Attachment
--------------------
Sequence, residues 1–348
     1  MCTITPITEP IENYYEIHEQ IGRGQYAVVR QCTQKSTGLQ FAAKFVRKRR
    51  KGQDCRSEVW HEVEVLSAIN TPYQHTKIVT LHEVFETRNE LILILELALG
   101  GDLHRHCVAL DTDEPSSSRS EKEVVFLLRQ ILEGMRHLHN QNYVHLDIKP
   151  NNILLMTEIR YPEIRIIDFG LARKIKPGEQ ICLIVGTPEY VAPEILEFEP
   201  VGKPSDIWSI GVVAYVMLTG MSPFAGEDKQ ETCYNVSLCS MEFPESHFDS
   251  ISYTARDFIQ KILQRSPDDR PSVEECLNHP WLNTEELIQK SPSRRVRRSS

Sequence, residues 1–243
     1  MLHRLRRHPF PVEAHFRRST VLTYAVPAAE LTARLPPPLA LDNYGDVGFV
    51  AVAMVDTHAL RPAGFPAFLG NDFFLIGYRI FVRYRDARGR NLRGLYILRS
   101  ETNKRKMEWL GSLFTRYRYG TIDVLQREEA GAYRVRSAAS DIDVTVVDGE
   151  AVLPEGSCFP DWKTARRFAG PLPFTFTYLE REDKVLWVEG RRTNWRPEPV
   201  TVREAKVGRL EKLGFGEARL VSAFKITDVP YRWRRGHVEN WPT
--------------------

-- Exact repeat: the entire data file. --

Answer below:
Sequence, residues 1–348
     1  MCTITPITEP IENYYEIHEQ IGRGQYAVVR QCTQKSTGLQ FAAKFVRKRR
    51  KGQDCRSEVW HEVEVLSAIN TPYQHTKIVT LHEVFETRNE LILILELALG
   101  GDLHRHCVAL DTDEPSSSRS EKEVVFLLRQ ILEGMRHLHN QNYVHLDIKP
   151  NNILLMTEIR YPEIRIIDFG LARKIKPGEQ ICLIVGTPEY VAPEILEFEP
   201  VGKPSDIWSI GVVAYVMLTG MSPFAGEDKQ ETCYNVSLCS MEFPESHFDS
   251  ISYTARDFIQ KILQRSPDDR PSVEECLNHP WLNTEELIQK SPSRRVRRSS

Sequence, residues 1–243
     1  MLHRLRRHPF PVEAHFRRST VLTYAVPAAE LTARLPPPLA LDNYGDVGFV
    51  AVAMVDTHAL RPAGFPAFLG NDFFLIGYRI FVRYRDARGR NLRGLYILRS
   101  ETNKRKMEWL GSLFTRYRYG TIDVLQREEA GAYRVRSAAS DIDVTVVDGE
   151  AVLPEGSCFP DWKTARRFAG PLPFTFTYLE REDKVLWVEG RRTNWRPEPV
   201  TVREAKVGRL EKLGFGEARL VSAFKITDVP YRWRRGHVEN WPT